About Acquiring a Classic Vehicle.

You have an itch and need to scratch it but where to start? You have seen your friends thoroughly enjoying themselves simply messing about with old vehicles. You have a bit of money spare so lets go looking.

Firstly there is a need to see what is available. Work out your budget, leaving enough for physically moving the vehicle from its current resting place to your own home. Allow for repairs and consider your own skill level in tackling any work which may be needed. Remember, you may able to buy an Aston or Bentley, but have you the expertise/cash to fix it when it breaks.

Try and decide on the type of vehicle that will suit you, will fit into your garage, and will be acceptable to those around you. Leave sufficient funds for possible bribery {Conservatory, new kitchen and so forth) if required.

Our Man James would probably advocate something simple to start with, possibly British, to take advantage of better spare part backup and availability of knowledge about the particular vehicle..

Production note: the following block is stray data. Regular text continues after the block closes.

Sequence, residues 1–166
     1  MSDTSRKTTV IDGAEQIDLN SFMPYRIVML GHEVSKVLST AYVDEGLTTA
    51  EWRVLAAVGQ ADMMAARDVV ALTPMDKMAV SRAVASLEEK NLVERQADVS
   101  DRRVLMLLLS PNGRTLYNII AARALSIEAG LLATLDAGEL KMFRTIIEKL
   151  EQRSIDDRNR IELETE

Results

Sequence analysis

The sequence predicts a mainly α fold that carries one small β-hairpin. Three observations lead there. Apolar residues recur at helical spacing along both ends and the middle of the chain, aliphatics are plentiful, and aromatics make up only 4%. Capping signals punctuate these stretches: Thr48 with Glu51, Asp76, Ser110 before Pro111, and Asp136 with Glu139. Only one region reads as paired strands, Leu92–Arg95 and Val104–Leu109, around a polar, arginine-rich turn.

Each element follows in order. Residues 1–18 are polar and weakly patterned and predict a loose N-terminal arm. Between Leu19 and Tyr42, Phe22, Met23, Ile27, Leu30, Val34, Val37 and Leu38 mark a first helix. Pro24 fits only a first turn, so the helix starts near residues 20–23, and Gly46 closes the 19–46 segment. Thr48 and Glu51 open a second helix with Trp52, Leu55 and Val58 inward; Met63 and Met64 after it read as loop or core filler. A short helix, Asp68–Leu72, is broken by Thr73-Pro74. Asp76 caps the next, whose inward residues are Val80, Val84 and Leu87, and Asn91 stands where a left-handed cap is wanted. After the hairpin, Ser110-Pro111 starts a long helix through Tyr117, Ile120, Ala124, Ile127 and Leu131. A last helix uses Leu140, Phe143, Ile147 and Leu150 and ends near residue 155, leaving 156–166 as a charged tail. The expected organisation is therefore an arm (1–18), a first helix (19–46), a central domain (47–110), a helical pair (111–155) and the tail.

Once you have a rough idea of what you are looking for then the search can begin. If you have a particular vehicle in mind then join the Club catering for it. In most cases there will be a regular magazine and contact details of where help and spares can be found.There may even be some vehicles offered for sale also.

Research is everything. With the World Wide Webb and a plethora of magazines to chose from, one can spend many happy hours trying to narrow down the search. Read articles about your particular choice, go to Classic Vehicle Shows, talk to as many people as you can. There is a great deal of enthusiasm out there, you just need to tap into it.

Okay, you know more or less what you would like and how much you can spend, let us now look at where to go to find your dream.

Our Man James considers some possible ways forward.